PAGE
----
3 Steps Small Owners Should Take in 2017

An expert from Marcus & Millichap describes how to stay profitable amidst inflationary pressures, rising interest rates and property taxes.

Tony Headshot lean forwardInflationary pressures, rising interest rates and property taxes are just a few of the headwinds multi-unit property owners experience in a fluctuating market cycle. Many small owners may quickly react to these pressures by raising rents, but a more deliberate approach is recommended, as oftentimes, even modest rent increases result in higher collection challenges.

Here are three steps apartment owners should consider amid a fluctuating market cycle.

1. Take a Snapshot of Where You Are

First, examine 36 months of “actual” collections for each property—ideally this number should be trending northward. Next, consider your controllable and uncontrollable expenses monthly for the trailing 36 months. Identify patterns and anomalies. Consider having an energy audit performed on your property. The audit usually identifies opportunities to reduce utility costs considerably, and most utility companies provide these services with little or no out-of-pocket expense. A Midwest apartment owner recently informed us that he reduced his utility bill expenses by more than 30 percent because of findings from an energy audit. The audit made several recommendations including, insulating the roof cavity on the building.

2. Track Comparable Sales

Although we are still hovering near the all-time lows with respect to the 10-year treasury, consider that for every 1 percent rise in interest rates it takes somewhere in the neighborhood of an 8 percent increase in Net Operating Income to remain at par as far as your property value is concerned. The sale comps are helpful establish the market trends and determine what similar unit-mix properties are trading for per square foot, per unit and by yield. Also, important are rent studies. You need to know the rental rates, occupancy levels and amenities offered by your competitors. This is helpful to determine if there is an opportunity to add value to your property by making modest improvements as units turnover and push rents.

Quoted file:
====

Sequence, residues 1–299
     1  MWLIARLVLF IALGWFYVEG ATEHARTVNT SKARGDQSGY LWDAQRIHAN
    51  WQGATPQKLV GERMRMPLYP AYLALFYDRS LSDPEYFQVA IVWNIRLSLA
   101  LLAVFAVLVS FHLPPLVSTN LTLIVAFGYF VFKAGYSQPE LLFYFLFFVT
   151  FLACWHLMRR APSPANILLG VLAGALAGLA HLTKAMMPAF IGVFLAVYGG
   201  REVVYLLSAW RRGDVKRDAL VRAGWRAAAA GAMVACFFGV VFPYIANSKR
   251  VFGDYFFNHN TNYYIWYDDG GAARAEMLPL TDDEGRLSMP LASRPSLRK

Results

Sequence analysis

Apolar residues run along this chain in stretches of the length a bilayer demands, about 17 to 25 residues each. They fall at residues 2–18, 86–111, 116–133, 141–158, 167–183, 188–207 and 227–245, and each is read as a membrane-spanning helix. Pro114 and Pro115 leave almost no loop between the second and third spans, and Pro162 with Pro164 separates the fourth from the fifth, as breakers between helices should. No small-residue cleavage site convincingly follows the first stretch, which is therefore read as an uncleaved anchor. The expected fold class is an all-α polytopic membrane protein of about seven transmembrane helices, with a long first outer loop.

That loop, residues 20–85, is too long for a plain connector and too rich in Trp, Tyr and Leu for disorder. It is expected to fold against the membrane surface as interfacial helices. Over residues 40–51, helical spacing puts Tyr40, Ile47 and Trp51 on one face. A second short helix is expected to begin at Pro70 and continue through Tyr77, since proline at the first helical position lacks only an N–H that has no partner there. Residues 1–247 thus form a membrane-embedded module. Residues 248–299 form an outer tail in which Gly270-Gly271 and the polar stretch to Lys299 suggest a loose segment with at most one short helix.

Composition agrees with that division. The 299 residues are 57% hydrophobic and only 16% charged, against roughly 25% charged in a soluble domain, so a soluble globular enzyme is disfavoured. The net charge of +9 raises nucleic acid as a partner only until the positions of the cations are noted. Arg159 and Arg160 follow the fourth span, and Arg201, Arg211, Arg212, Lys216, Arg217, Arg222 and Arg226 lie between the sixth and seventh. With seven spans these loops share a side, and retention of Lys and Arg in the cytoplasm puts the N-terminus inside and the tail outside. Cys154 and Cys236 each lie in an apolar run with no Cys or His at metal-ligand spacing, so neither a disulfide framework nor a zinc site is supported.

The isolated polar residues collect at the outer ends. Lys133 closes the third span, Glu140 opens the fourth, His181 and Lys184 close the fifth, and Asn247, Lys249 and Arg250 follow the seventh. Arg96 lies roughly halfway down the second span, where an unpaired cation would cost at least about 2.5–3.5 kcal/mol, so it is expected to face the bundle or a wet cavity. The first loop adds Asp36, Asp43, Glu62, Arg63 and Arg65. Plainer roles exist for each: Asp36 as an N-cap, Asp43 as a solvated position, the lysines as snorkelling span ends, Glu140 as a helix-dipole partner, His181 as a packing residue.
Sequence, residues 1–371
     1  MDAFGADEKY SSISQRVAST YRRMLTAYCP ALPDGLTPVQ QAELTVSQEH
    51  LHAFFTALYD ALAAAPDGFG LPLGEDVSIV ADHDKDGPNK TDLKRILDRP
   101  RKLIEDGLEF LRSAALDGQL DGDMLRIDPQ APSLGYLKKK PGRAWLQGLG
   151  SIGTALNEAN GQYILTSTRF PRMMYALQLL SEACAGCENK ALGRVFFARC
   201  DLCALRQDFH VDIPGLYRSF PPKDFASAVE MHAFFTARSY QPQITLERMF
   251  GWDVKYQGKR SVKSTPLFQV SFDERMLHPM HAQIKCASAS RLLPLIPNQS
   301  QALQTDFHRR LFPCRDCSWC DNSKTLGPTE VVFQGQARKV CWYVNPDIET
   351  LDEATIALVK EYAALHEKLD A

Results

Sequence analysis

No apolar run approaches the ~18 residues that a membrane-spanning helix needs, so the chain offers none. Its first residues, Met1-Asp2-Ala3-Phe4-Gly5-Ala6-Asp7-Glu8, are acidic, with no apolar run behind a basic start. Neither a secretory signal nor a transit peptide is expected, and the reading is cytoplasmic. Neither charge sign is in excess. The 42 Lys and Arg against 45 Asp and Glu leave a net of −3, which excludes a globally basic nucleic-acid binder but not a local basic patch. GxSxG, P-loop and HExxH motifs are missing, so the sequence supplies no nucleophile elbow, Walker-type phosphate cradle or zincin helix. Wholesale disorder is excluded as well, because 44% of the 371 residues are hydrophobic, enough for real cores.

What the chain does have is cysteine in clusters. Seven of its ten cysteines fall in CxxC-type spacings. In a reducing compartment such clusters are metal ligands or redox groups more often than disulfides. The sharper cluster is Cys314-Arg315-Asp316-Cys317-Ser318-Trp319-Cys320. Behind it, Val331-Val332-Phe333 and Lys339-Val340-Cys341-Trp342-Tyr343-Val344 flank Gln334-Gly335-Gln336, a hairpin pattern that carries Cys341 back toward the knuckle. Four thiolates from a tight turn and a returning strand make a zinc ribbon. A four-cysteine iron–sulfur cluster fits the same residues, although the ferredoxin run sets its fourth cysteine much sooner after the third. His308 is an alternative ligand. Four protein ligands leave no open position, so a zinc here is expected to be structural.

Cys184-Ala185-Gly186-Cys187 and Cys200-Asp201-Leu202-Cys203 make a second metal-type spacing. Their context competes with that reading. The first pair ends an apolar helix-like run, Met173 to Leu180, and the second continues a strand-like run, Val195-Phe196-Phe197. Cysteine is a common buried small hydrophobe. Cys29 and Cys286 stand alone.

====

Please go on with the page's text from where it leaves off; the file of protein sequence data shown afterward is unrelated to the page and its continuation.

3. KeepYour Service Providers Honest

Just because you’ve had the same is insurance agent for years doesn’t mean you’re getting the best value. At a capitalization rate of 8 percent for every $100 per month you are overpaying for any service reduces the value of your property by $15,000. Often times the scavenger service company, for instance, is aware that there is a new kid on the block that will beat their prices by 25 percent just to earn your business. Do you think they are going to call you to tell you that? Sometimes, they will reduce your price by a nominal amount just because, you called and asked if they’d consider it, just to keep you from calling that competitor or reaching out to your neighbor and finding he’s getting two pickups per week for roughly the same price you’re paying for one.

Owners are advised to check-in with an active commercial broker or appraiser every 12 to 18 months to vet the value of the portfolio. Talk to a property tax attorney or service to determine if a property tax appeal is warranted. Sometimes these guys are so sure they can save money for you that they will provide the service on a contingency basis where they get paid only a percentage of the savings. Landlords, have to be able to adapt to this very fluid real estate cycle and adjust to the slew of headwinds coming our way.

Anthony Hardy is a senior associate at Marcus & Millichap with 20 years of experience helping clients create and preserve wealth through the timely acquisition and disposition of multifamily properties.

You May Also Like